While the state’s planned purchase of Fairbanks Natural Gas parent company Pentex may play a large part in the solution for natural gas delivery to Fairbanks, for the moment it mostly raises questions. The purchase would reduce the number of items local and state officials have to put into place, potentially including a gas liquefaction facility. But it also creates other wrinkles that must be dealt with before the end goal of affordable energy is achieved.
The announcement by the Alaska Industrial Development and Export Authority on Wednesday that the state is planning to buy Pentex for $52.5 million was a surprise, but could significantly benefit the Interior Energy Project and its goals. The direction and timeline of the project were uncertain after the pullout of North Slope gas liquefaction plant contractor MWH in late December. With the pending acquisition, Gov. Walker has indicated a clear direction in which progress can continue. Moreover, the deal could be a significant boon if it includes the services of Pentex subsidiary Titan’s Port Mackenzie liquefaction plant, and if supply can be lined up from Cook Inlet producers. Even before its cost estimate crept upward, MWH’s plant on the North Slope was projected to cost $185 million — to have liquefaction capability at less than a third the up-front price would be a tremendous step forward for the Interior’s energy goals.
But those, at least for now, are ifs, and big ones. In late 2014, Pentex announced it was planning to sell the Port Mackenzie facility to Hilcorp subsidiary Harvest Alaska LLC. Whether that sale will still go forward is an open question, and one that could have serious ramifications with regard to the ability to deliver natural gas to the Interior at the target price of $15 per thousand cubic feet (the equivalent of heating fuel at roughly $2 per gallon). If the sale goes through, the state must hammer out terms with Harvest Alaska that would ensure the price goal can be met.
Also a source of consternation in some quarters is the apparent entry of the state as a gas supplier, creating a potentially odd relationship with regard to regulation — for instance, the Regulatory Commission of Alaska, a state body, may end up ruling on whether the sale of the liquefaction plant to Harvest Alaska goes through. Additionally, the state may end up negotiating gas supply terms with the same Cook Inlet producers whose license applications it is in a position to grant. Care must be taken to not let the government’s interests create an unfair operating environment.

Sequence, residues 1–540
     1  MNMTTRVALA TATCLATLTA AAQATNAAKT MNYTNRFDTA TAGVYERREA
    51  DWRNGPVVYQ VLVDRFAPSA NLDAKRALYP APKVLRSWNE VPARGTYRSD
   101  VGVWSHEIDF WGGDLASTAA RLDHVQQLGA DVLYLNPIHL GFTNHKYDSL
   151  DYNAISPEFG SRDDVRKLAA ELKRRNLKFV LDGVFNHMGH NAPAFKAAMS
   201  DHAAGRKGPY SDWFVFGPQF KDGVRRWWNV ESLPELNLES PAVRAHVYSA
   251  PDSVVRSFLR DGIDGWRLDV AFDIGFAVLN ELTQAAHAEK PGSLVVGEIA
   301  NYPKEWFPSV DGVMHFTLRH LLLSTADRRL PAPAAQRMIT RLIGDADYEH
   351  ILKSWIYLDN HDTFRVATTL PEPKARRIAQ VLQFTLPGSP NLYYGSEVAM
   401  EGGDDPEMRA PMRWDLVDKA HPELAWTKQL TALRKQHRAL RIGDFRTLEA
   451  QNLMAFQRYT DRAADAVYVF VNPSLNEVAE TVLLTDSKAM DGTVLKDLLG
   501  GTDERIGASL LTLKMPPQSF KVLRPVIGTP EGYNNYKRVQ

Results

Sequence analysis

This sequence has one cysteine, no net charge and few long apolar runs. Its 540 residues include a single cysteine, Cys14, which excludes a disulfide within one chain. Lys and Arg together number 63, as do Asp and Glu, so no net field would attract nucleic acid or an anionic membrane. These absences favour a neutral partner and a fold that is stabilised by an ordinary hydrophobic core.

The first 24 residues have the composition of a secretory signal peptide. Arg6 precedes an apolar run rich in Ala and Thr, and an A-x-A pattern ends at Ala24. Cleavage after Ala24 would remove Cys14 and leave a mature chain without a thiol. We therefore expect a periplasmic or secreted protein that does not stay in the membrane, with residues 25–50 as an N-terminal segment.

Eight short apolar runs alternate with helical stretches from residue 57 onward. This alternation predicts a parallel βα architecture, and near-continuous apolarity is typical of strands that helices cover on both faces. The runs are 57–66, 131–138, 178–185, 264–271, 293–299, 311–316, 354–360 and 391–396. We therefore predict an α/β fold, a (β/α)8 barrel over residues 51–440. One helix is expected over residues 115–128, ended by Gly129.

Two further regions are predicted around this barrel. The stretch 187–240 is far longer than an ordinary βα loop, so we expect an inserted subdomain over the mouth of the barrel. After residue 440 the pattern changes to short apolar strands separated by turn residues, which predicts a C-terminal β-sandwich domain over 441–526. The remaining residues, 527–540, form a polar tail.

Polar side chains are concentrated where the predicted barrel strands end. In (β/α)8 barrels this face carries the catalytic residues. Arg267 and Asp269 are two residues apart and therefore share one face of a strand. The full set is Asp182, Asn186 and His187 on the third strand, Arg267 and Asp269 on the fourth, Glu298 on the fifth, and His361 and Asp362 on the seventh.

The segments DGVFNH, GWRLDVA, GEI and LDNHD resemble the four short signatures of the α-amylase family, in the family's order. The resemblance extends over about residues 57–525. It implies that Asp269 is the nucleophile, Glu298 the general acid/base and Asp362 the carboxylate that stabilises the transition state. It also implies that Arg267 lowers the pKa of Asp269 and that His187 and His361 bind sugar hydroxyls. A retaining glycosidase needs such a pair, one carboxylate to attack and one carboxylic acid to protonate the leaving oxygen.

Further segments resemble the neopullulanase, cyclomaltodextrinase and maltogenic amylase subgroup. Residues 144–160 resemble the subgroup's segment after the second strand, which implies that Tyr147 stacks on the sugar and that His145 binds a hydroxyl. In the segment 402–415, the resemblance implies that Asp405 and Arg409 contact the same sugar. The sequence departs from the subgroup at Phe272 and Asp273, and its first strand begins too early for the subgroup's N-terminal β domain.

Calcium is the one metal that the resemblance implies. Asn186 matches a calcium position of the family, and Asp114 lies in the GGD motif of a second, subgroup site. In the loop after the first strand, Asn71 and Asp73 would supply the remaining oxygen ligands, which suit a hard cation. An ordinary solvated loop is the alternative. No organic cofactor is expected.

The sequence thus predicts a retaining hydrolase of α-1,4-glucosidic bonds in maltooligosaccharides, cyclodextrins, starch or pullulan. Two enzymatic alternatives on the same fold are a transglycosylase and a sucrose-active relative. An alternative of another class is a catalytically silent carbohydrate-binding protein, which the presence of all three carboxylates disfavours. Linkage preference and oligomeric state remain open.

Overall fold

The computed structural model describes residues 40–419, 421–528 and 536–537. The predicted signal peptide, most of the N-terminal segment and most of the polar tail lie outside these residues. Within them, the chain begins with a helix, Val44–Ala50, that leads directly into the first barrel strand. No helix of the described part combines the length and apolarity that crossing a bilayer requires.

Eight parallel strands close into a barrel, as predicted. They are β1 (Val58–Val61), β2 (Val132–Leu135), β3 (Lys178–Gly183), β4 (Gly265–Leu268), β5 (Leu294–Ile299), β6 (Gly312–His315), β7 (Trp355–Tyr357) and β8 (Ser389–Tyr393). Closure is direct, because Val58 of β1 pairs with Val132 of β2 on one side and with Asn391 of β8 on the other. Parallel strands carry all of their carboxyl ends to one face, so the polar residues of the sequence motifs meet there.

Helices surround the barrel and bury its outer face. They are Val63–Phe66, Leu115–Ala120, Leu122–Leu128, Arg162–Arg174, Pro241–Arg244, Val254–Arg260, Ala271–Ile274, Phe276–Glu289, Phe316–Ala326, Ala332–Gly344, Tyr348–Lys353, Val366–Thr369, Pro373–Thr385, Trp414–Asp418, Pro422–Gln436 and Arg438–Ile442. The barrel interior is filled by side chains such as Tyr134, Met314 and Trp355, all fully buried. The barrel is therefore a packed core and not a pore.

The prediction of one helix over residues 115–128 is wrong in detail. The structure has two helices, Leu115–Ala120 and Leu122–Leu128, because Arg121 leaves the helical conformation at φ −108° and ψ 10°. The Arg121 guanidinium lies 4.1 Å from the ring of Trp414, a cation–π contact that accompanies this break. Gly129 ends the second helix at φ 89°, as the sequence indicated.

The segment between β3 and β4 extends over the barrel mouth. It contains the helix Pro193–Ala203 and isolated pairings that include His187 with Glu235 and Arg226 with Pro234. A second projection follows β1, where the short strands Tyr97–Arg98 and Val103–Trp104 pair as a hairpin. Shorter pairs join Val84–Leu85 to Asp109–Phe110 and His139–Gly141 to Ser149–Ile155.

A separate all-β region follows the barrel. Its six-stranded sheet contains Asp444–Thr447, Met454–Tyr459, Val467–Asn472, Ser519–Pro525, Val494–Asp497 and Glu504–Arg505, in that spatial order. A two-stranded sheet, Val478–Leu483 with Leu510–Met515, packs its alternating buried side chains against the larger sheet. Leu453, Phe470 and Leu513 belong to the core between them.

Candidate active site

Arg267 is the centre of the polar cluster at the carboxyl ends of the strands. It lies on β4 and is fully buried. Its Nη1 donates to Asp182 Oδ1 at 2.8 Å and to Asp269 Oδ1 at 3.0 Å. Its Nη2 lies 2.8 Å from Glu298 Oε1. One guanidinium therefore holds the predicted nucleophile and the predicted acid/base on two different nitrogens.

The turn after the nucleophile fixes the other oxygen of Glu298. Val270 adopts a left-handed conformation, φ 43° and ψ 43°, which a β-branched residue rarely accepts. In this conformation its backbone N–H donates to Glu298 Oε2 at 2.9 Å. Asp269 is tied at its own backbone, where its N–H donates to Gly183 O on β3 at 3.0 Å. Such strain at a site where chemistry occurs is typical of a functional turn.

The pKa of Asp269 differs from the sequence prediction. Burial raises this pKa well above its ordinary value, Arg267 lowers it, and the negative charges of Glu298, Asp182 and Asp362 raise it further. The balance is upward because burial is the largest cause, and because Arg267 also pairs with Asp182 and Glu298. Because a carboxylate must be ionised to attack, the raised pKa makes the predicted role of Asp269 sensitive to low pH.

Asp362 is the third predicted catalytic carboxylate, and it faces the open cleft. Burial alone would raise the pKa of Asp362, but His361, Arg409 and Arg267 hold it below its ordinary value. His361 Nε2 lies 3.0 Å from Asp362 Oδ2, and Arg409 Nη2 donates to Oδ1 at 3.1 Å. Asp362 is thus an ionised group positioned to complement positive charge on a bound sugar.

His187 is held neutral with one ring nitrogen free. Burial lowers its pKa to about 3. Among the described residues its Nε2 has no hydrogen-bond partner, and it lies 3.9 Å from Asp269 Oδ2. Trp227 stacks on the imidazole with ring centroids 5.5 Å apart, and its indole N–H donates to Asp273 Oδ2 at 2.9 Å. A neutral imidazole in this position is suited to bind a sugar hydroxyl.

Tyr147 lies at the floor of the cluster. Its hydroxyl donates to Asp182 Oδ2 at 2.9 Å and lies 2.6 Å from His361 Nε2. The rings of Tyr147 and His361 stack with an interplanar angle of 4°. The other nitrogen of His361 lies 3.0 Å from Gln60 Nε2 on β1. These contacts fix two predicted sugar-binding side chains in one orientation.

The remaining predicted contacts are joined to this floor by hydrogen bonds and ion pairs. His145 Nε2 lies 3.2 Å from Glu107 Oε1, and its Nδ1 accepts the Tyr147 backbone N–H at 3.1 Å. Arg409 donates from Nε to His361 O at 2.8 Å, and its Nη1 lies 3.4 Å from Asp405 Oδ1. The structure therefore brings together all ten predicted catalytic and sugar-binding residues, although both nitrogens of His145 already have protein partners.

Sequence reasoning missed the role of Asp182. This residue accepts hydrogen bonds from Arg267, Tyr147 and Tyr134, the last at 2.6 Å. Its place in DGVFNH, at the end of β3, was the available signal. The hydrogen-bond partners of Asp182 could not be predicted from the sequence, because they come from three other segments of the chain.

Given Gov. Bill Walker’s aggressive timetable for Interior energy relief, these questions likely will be addressed soon, which will do much to clarify exactly how good of a deal the Pentex acquisition would be for the state and Interior residents. For now, the best sign that the deal may contribute significantly to gas delivery goals is the reaction of Interior legislators and the Interior Gas Utility. The bulk of their response has so far been positive.
Despite the additional issues raised by the state’s planned acquisition of Pentex, it’s good news that the Interior Energy Project isn’t languishing after MWH’s departure. It’s also good to see the state take an active role in helping pieces for the project come together. In the next few weeks and months, we hope to see those pieces assembled into a concrete plan for gas delivery to Fairbanks.
— Fairbanks Daily News-Miner, Feb. 1